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DuPont Reaches Proposed Settlement in Water Pollution Case

DuPont and plaintiff attorneys have agreed in principle to settle about 3,550 lawsuits tied to its ongoing water pollution case that is alleged to have caused numerous types of cancers to those consuming the water in Ohio and West Virginia.

Along with Chemours, it will pay $670 million in cash. The two will split the settlement. DuPont and Chemours separated in 2015. Chemours now makes C-6, which replaced C-8.

Both companies deny any wrongdoing. The agreement will settle all the claims, even those three that have been tried in court and that have resulted in penalties of $20 million. All went against DuPont.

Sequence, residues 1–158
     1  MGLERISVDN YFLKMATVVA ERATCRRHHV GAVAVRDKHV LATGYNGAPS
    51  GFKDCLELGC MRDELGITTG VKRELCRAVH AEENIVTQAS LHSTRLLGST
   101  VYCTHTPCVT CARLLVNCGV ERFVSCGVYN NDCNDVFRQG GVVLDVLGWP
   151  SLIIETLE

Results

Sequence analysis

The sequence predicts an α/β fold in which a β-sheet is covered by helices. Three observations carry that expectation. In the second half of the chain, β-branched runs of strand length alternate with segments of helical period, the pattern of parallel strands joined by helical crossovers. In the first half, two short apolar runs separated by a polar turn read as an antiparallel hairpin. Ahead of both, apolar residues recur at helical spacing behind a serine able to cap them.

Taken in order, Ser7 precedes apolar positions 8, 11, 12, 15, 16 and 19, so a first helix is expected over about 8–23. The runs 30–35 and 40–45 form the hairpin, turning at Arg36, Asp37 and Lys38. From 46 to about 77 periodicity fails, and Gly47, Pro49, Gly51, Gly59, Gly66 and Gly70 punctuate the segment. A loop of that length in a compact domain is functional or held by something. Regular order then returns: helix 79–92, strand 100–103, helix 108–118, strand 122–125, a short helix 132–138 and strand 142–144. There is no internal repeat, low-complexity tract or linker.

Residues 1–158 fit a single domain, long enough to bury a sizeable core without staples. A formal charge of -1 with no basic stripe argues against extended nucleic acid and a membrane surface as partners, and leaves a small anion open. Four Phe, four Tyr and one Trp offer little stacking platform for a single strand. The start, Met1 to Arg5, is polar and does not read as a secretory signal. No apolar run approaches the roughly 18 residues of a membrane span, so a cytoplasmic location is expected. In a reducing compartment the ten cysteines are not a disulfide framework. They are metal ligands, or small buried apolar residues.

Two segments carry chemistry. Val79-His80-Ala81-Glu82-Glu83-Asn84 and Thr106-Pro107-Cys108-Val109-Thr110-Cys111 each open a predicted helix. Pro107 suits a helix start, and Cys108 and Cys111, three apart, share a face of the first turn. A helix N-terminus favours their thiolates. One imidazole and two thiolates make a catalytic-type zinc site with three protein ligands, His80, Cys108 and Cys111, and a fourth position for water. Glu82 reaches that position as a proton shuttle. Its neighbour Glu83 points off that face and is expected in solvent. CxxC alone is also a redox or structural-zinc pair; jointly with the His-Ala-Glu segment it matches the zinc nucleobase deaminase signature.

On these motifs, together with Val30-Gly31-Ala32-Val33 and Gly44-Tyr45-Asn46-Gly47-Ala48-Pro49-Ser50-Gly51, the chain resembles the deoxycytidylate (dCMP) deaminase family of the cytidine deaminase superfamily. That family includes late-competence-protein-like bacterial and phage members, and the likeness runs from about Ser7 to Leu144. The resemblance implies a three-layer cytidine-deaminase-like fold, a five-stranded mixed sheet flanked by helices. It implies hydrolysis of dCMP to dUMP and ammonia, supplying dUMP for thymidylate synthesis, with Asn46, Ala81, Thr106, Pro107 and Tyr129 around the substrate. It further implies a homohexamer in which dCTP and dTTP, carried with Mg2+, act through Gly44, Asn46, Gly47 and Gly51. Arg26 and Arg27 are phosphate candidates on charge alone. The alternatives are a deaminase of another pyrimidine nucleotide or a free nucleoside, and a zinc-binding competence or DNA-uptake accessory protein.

DuPont stopped using C-8, which goes into the making of Teflon, a decade ago.

“We look forward to working with DuPont to finalize this settlement and get these injured class members paid as quickly as possible,” said plaintiffs’ lawyer Rob Bilott, in a statement.

The case first came about in 2001 when local residents along the Ohio River that separates Ohio and West Virginia complained of illness. DuPont subsequently agreed to fund medical research into whether its C-8 chemical was in fact leading to these cancers.

Beginning in 2011 and throughout 2012, those experts concluded that C-8 was “more likely than not” to cause such conditions as ulcerative colitis, kidney cancer, thyroid disease and testicular cancer.

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